- Gary H. Toops In Memoriam
Gary H. Toops passed away this fall, on 14 October 2013. He was born on 30 March 1954 in Fort Eustis, Virginia. He graduated from McGill University in Montreal and earned his PhD in Slavic languages and literatures from Yale University in 1985. From 1989 he taught at Wichita State University, where he was Professor of Russian and Linguistics. He was the backbone of Wichita State University’s Russian program, teaching courses in Russian language, literature, and linguistics, as well as German, French, and general and Romance linguistics.
Professor Toops was also an accomplished Slavic linguist, and he published research articles steadily throughout his career, mostly on Slavic verbal categories. His dissertation is entitled Grammatical Causality in Slavic and remains, as far as I am aware, the only investigation of causal constructions with a cross-Slavic emphasis. Causality and causal auxiliaries in the Slavic languages continued to be a subject of his published articles until his death. His later articles on the subject focused on West Slavic, and his last published article (Toops 2013) presents a detailed comparative analysis of types of causative constructions in Upper Sorbian and Czech.
Professor Toops was also one of the world’s leading experts on the Upper Sorbian language, and as time went on most of his research on causality and verbal aspect focused on Upper Sorbian, either exclusively or comparatively. He knew German fluently, which is a necessity for analyses of the grammatical categories of Upper Sorbian (and West Slavic more generally), and much of his later research tackled the issue of German linguistic interference in Upper Sorbian and Czech (see, e.g., Toops 1992a, 1992b, 1999, 2006, 2013). He took a nuanced approach to such German interference, concluding that in some cases German interference could facilitate a change in Upper Sorbian or Czech that then took a path largely determined by the structure of the replicating language itself. His rejection of an either–or approach to German linguistic interference in West Slavic is eminently realistic. [End Page 7] Toops 2006 is also notable for surveying cases of possible German linguistic interference in Upper Sorbian and ranking them according to degrees of likelihood. This article makes an important contribution to the ongoing assessment of the role of German linguistic influence in western Slavic languages (cf. in this regard similar efforts by Berger  and Reindl ).
One case of German interference in Upper Sorbian aspectual prefixation has, as far as I am aware, been placed in the wider context of the contact-induced breakdown of the Upper Sorbian aspectual system solely in the analysis presented by Toops (1992a). This is the loss of derived imperfectives paired with prefixed perfective verbs of motion and their replacement by constructions of the simplex imperfective plus adverb. For example, perfective wuńć ‘go out’ is no longer paired with the derived imperfective †wuchadŸeć ‘idem’, but with the imperfective simplex won hić ‘out go’. Toops (1992a: 13) points out that the replacement of derived imperfectives has only occurred in the directly spatial meaning of the prefixed verbs of motion, and that in figurative meanings the derived imperfective verbs are still employed (e.g., Nowiny wuchadŸeja tydŸensce ‘The newspaper comes out weekly’). The significance of this development for theories of aspect and aspectual prefixation has not yet been recognized. Note that Toops (2001) also treats similar phenomena in Latvian. It is possible that such “paraphrastic imperfectives” are characteristic of proto-aspectual systems or aspectual systems otherwise characterized by a low degree of grammaticalization. This phenomenon deserves more attention, as it is very relevant for the synchronic and diachronic analysis of Slavic verbal aspect (and, again, the issue of German interference). It is sad that Professor Toops is no longer with us to contribute to the study of this phenomenon.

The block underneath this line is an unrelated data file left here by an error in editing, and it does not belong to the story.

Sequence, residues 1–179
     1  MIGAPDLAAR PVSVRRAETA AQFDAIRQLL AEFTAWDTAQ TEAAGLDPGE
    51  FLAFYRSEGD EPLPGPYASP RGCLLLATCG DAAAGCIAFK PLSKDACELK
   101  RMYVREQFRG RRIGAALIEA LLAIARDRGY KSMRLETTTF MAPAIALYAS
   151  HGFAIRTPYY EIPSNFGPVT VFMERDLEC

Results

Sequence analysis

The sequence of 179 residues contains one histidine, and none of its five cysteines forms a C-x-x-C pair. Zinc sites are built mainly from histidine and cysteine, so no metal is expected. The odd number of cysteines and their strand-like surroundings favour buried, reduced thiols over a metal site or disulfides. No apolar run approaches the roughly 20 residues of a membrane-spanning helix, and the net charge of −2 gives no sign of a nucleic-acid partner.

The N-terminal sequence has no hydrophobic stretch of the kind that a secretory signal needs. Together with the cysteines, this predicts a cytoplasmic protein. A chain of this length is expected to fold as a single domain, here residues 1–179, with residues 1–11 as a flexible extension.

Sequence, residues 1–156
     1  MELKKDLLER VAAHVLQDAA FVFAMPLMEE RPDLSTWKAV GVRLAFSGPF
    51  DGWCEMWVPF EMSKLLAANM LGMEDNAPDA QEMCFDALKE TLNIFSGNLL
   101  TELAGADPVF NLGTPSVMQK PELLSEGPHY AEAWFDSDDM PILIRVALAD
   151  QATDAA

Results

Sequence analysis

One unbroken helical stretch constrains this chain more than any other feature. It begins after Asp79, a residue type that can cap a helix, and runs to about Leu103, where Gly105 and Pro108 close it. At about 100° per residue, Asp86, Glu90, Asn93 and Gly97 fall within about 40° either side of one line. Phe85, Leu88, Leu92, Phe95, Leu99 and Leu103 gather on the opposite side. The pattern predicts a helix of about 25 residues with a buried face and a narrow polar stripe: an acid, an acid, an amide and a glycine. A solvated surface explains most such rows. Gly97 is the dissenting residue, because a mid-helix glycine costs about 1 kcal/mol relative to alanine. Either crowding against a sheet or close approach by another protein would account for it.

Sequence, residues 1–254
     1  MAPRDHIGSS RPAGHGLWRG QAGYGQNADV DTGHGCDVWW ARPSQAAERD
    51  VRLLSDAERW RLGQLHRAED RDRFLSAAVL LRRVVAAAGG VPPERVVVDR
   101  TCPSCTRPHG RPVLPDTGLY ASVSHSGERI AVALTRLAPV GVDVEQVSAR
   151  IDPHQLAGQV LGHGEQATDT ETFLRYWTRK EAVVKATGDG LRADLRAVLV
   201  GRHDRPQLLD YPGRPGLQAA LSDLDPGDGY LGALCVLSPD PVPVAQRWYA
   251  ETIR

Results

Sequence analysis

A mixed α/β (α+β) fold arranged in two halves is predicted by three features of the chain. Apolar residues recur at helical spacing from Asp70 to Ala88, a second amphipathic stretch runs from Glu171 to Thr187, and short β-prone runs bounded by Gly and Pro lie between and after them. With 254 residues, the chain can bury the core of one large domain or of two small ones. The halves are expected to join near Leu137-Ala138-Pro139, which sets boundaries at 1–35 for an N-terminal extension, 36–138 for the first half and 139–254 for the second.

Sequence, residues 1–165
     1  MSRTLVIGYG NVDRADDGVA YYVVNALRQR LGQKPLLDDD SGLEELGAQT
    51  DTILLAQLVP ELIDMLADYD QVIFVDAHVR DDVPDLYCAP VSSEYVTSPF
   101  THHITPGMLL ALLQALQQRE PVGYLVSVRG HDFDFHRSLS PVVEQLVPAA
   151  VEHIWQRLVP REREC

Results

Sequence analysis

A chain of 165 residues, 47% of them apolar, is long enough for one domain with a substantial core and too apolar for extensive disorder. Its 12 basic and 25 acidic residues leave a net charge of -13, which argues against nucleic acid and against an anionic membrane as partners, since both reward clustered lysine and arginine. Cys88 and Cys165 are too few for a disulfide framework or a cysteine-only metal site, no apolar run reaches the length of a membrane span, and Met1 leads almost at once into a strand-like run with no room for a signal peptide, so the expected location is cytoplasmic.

In general, Professor Toops’s work on causatives and verbal aspect is marked by meticulous attention to sometimes subtle discourse factors and never slips into convenient, reductivist arguments. This is one reason why his articles will not lose their relevance for the study of the Slavic verb in the foreseeable future.
It should be noted that Professor Toops translated Heinz...